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Williams v. United States

United States District Court, E.D. Michigan, Northern Division

October 18, 2017

VINCENT KENT WILLIAMS, Petitioner,
v.
UNITED STATES OF AMERICA, Respondent.

          Patricia T. Morris Magistrate Judge

          ORDER GRANTING MOTION TO ACCEPT MOTION FOR RECONSIDERATION AS TIMELY FILED, OVERRULING OBJECTIONS, AND DENYING MOTION FOR RECONSIDERATION

          THOMAS L. LUDINGTON United States District Judge

         On February 26, 2015, Defendant Vincent Kent Williams was sentenced to 140 months after pleading guilty to aiding and abetting the distribution of cocaine base. ECF No. 135. His sentence was affirmed on appeal. ECF No. 195. On June 24, 2016, Williams filed a motion to vacate his sentence under 28 U.S.C. § 2255. ECF No. 233. That motion was referred to Magistrate Judge Patricia T. Morris for decision, ECF No. 235, and Judge Morris issued a report and recommendation on January 18, 2017. ECF No. 259. In the report and recommendation, Judge Morris recommended that Williams's motion to vacate be denied because his ineffective assistance of counsel claims were procedurally barred and because he was properly sentenced as a career offender.

         Although the Magistrate Judge's report explicitly stated that the parties to this action could object to and seek review of the recommendation within fourteen days of service of the report, Williams did not file objections within that time period. On February 21, 2017, over a month after the report and recommendation was issued, the Court adopted the report and recommendation. ECF No. 260, 261. Later that same day, Williams filed objections to the report and recommendation. ECF No. 262. On August 14, 2017, Williams filed a motion to accept his motion for reconsideration as timely. ECF No. 275. He attached the motion for reconsideration as an exhibit to his motion.

         Williams's objections are untimely. However, even if they were considered on their merits, Williams would not be entitled to relief. Williams's motion to accept the motion for reconsideration as timely filed will be granted. However, because Williams's does not identify a defect in Judge Morris's report and recommendation or the Court's order dismissing his § 2255 motion, the motion for reconsideration will be denied.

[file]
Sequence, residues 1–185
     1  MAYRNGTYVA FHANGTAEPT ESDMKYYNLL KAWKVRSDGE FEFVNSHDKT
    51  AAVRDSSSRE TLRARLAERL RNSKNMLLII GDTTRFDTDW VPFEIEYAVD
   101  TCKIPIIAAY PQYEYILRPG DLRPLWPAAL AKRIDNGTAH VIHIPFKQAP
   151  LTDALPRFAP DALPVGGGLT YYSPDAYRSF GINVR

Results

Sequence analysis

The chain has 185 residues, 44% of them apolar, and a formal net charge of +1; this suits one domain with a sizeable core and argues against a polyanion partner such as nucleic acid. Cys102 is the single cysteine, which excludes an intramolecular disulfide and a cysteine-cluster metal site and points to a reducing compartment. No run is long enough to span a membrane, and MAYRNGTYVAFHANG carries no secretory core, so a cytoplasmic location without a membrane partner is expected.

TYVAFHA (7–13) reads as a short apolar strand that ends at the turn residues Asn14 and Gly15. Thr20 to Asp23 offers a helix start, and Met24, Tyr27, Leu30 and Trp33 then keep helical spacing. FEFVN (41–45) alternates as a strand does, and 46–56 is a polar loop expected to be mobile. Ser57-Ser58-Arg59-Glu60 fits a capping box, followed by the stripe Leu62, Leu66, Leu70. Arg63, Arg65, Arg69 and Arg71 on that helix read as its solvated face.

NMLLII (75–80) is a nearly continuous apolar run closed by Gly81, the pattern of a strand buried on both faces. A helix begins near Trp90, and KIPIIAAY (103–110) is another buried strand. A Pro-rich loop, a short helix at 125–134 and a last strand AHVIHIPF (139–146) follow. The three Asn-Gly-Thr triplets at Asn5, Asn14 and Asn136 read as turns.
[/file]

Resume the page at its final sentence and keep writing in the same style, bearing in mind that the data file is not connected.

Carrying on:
I.

         A.

         Pursuant to Federal Rule of Civil Procedure 72, a party may object to and seek review of a magistrate judge's report and recommendation. See Fed. R. Civ. P. 72(b)(2). Objections must be stated with specificity. Thomas v. Arn, 474 U.S. 140, 151 (1985) (citation omitted). If objections are made, “[t]he district judge must determine de novo any part of the magistrate judge's disposition that has been properly objected to.” Fed.R.Civ.P. 72(b)(3). De novo review requires at least a review of the evidence before the magistrate judge; the Court may not act solely on the basis of a magistrate judge's report and recommendation. See Hill v. Duriron Co., 656 F.2d 1208, 1215 (6th Cir. 1981). After reviewing the evidence, the Court is free to accept, reject, or modify the findings or recommendations of the magistrate judge. See Lardie v. Birkett, 221 F.Supp.2d 806, 807 (E.D. Mich. 2002).

         Only those objections that are specific are entitled to a de novo review under the statute. Mira v. Marshall, 806 F.2d 636, 637 (6th Cir. 1986). “The parties have the duty to pinpoint those portions of the magistrate's report that the district court must specially consider.” Id. (internal quotation marks and citation omitted). A general objection, or one that merely restates the arguments previously presented, does not sufficiently identify alleged errors on the part of the magistrate judge. See VanDiver v. Martin, 304 F.Supp.2d 934, 937 (E.D. Mich. 2004). An “objection” that does nothing more than disagree with a magistrate judge's determination, “without explaining the source of the error, ” is not considered a valid objection. Howard v. Sec'y of Health and Human Servs., 932 F.2d 505, 509 (6th Cir. 1991). Without specific objections, “[t]he functions of the district court are effectively duplicated as both the magistrate and the district court perform identical tasks. This duplication of time and effort wastes judicial resources rather than saving them, and runs contrary to the purposes of the Magistrate's Act.” Id.

         B.

         Pursuant to Eastern District of Michigan Local Rule 7.1(h), a party can file a motion for reconsideration of a previous order, but must do so within fourteen days. A motion for reconsideration will be granted if the moving party shows: “(1) a palpable defect, (2) the defect misled the court and the parties, and (3) that correcting the defect will result in a different disposition of the case.” Michigan Dept. of Treasury v. Michalec, 181 F.Supp.2d 731, 733-34 (E.D. Mich. 2002) (quoting E.D. Mich. LR 7.1(g)(3)). A “palpable defect” is “obvious, clear, unmistakable, manifest, or plain.” Id. at 734 (citing Marketing Displays, Inc. v. Traffix Devices, Inc., 971 F.Supp.2d 262, 278 (E.D. Mich. 1997). “[T]he Court will not grant motions for rehearing or reconsideration that merely present the same issues ruled upon by the Court, either expressly or by reasonable implication.” E.D. Mich. L.R. 7.1(h)(3). See also Bowens v. Terris, No. 2:15-CV-10203, 2015 WL 3441531, at *1 (E.D. Mich. May 28, 2015).

         II.

         Williams has filed four objections to Judge Morris's report and recommendation. The objections were untimely. However, because the Court prefers to resolve matters on their merits as opposed to via technicalities, the objections will be ...


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